In the range between ordinates B and C, however, and which represents a substantial axial dimension, the amount of force acting to compress the metallic element remains substantially constant. It will be apparent that the load conditions established by the metallic element will remain substantially constant over a wide range of axial compression of the elements so that, even with relatively wide tolerances in the machining of the parts between which the element is disposed, reliable and predictable load conditions will be had.
In FIG. 4, an element 108 is illustrated which engages a cover member 112 while at its other end element 108 carries ring 114 seating against shoulder 116 of a shaft 118 which is journaled in housing member 120 to which cap 112 is secured. In FIG. 4, element 108 serves primarily as a load ring to exert a substantially constant predetermined force on ring 114 but may also seal on cover member 112, if provided with a suitable coating or gasketing layer interposed therebetween.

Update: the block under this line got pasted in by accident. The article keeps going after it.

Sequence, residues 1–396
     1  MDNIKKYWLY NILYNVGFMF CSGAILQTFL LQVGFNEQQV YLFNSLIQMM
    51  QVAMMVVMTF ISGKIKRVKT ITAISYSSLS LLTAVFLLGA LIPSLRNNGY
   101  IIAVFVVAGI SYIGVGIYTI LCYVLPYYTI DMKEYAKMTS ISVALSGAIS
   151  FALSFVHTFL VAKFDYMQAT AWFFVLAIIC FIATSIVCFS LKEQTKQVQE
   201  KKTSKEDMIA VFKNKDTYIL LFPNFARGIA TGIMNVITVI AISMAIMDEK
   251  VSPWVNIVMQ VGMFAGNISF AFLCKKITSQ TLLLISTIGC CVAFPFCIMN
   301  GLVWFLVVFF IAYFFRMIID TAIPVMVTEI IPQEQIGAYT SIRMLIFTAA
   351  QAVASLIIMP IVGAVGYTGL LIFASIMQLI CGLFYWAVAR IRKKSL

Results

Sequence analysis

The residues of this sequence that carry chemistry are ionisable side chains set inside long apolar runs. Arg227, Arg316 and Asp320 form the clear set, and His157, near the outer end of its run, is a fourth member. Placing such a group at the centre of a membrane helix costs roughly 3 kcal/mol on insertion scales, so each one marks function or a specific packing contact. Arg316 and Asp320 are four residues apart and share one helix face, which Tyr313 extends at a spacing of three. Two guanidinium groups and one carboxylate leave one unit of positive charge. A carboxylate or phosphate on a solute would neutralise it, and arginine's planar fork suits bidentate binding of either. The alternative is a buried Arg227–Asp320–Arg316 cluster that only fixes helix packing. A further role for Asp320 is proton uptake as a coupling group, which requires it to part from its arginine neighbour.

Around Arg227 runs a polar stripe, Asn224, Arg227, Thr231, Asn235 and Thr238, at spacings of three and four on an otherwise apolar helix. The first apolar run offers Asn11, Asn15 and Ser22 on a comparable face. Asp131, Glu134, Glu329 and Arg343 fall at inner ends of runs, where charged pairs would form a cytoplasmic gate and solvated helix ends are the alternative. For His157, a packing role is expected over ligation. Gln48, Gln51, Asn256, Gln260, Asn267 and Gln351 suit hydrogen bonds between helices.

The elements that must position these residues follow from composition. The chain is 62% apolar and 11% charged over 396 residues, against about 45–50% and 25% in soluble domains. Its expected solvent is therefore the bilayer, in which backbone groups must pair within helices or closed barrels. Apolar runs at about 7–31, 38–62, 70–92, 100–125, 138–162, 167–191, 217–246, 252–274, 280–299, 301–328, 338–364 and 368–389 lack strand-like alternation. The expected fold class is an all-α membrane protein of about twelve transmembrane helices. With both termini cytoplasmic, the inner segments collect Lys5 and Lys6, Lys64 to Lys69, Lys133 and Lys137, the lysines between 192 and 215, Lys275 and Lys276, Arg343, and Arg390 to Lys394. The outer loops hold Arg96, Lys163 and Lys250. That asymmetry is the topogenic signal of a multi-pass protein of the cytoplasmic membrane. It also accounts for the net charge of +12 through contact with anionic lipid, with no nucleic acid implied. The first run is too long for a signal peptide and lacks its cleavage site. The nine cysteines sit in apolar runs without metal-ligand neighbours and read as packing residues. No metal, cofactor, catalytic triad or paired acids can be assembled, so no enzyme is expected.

The construction of an element according to the present invention requires the selection of a semi-circular convolute form or portion thereof which will properly balance the work hardening or strain strengthening effect that strengthens the convolution against the effect of radial expansion of the convolution which will weaken the convolution.
In FIG. 14, the radial dimension designated as B on the diagram is seen to increase as the axial dimension of the convolution is decreased. Further understanding of these effects and the proper combination thereof to achieve a ring according to the present invention with the desired properties will be explained with the following analysis.
FIG. 9 shows a ring in a state of stress imposed by the axial force F. FIG. 10 shows a view of the central convolution only of the ring broken out for the purpose of indicating the forces and moments transmitted at that part having the greatest amount of permanent deformation. It is important to note that the force F is applied to the convolution as a shear force so that the progressive deformation within the convolution does not occur at the ends of the convolution.